Another tax credit that is part of the ARRA, the ITC credit is for business owners who install energy-generating systems. Though this may sound impractical and tedious, it’s not as out there as you may think. This credit includes the installation and utilization of solar energy, such as solar panels and hybrid lighting systems, as well as fuel cells, small wind turbines and geothermal systems like heat pumps. The installation of a geothermal system will net you a tax credit that is equal to 10% of your expenditures, while the tax credit for fuel cells, small wind turbines and solar energy alternatives is 30% of your expenditures, with no maximum cap. As of press time, these credits have no expiration dates. To apply for this tax credit, fill out IRS Form 3468.
Residential Energy Conservation Subsidy Exclusion
If you own any type of housing you can qualify for the Residential Energy Conservation Subsidy Exclusion. Many public utility companies offer subsidies to clients who install renewable energy mechanisms, such as solar thermal and solar electric products. These products not only reduce that housing entity’s energy requirements, but it also lessens its presence on power grids. These subsidies, whether provided directly to the individual in the form of a refund, or indirectly in the form of a discount, are nontaxable. They apply to most dwellings, including single-family and multi-family homes, condos, apartments, boats and mobile homes. See IRS Publication 525 for further guidelines on this subsidy.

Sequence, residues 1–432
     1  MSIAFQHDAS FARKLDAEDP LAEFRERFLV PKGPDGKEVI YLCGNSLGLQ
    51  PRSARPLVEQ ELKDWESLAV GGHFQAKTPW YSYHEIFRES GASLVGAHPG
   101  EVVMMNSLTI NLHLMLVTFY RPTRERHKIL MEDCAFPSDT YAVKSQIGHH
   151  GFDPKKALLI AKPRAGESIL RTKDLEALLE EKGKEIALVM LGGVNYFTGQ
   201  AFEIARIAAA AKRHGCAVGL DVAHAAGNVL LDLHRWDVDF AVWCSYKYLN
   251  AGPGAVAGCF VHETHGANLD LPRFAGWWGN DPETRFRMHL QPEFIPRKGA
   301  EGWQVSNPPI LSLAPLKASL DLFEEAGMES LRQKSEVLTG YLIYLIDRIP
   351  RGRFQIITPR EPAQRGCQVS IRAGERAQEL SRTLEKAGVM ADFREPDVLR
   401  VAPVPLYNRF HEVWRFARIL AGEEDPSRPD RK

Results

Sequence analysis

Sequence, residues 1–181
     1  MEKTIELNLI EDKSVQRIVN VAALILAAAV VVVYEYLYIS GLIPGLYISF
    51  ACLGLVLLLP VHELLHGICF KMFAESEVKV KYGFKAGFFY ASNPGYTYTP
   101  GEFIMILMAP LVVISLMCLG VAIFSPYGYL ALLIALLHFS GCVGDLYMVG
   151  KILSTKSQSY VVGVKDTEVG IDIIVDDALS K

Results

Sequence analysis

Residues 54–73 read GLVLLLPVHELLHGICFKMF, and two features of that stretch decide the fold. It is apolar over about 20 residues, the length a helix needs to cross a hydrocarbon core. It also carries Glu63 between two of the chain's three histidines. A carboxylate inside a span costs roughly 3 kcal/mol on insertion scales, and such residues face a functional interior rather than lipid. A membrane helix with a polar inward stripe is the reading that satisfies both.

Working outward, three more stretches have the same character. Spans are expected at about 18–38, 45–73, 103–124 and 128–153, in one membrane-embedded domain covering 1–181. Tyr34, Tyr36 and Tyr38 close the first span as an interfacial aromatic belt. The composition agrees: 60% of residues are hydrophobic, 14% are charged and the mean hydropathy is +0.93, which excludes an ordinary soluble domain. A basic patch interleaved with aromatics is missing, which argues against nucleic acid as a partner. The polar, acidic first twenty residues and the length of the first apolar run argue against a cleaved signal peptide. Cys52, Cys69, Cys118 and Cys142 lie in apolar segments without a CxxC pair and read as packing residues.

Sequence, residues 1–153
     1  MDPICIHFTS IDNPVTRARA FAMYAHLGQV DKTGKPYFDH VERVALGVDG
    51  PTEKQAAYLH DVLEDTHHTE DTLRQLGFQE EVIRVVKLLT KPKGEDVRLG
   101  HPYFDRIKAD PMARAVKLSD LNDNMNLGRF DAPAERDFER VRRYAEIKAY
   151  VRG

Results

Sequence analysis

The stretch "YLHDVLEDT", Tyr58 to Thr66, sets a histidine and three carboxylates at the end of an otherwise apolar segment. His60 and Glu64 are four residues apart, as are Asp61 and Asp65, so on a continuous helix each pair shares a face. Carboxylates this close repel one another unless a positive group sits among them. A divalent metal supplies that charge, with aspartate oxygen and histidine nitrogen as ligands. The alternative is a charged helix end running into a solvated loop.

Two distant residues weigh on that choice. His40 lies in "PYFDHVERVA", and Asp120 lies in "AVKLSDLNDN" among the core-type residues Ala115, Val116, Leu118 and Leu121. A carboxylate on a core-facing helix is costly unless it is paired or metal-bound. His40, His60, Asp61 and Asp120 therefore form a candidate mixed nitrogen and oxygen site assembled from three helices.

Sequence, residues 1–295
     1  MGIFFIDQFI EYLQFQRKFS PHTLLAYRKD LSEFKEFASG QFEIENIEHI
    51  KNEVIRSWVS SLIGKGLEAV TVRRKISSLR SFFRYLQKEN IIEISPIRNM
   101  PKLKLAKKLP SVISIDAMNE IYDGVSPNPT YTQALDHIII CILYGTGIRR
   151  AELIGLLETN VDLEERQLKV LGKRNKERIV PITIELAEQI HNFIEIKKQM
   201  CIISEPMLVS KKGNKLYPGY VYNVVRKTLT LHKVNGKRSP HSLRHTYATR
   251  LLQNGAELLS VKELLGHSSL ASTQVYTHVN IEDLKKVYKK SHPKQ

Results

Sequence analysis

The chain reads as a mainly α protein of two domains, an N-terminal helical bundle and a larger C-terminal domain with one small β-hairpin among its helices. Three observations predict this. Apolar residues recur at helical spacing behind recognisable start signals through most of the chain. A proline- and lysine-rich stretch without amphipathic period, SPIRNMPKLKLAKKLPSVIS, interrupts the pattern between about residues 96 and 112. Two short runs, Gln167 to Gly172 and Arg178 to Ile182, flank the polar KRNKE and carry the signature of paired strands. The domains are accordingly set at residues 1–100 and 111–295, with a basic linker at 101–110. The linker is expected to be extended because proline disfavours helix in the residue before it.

In addition to these federal incentives, there are many other programs at the state and local levels that can enhance your home’s, building’s or business’ value if you invest in energy-saving solutions. For a list of incentives by industry, state or product visit the Database of State Incentives for Renewables & Efficiency (DSIRE) at www.dsireusa.org. Crownover also has his own list for owners and investors who are looking for more information on the latest incentives. “You can visit …our Web site at www.ASE.org, or contact your tax advisor,” he said. “You could also easily visit the Tax Incentive Assistance Project [www.energytaxincentives.org] that is updated regularly regarding new information on the incentives…The federal government’s Energy Star Web site [www.EnergyStar.gov] also provides updated information on new and existing credits.”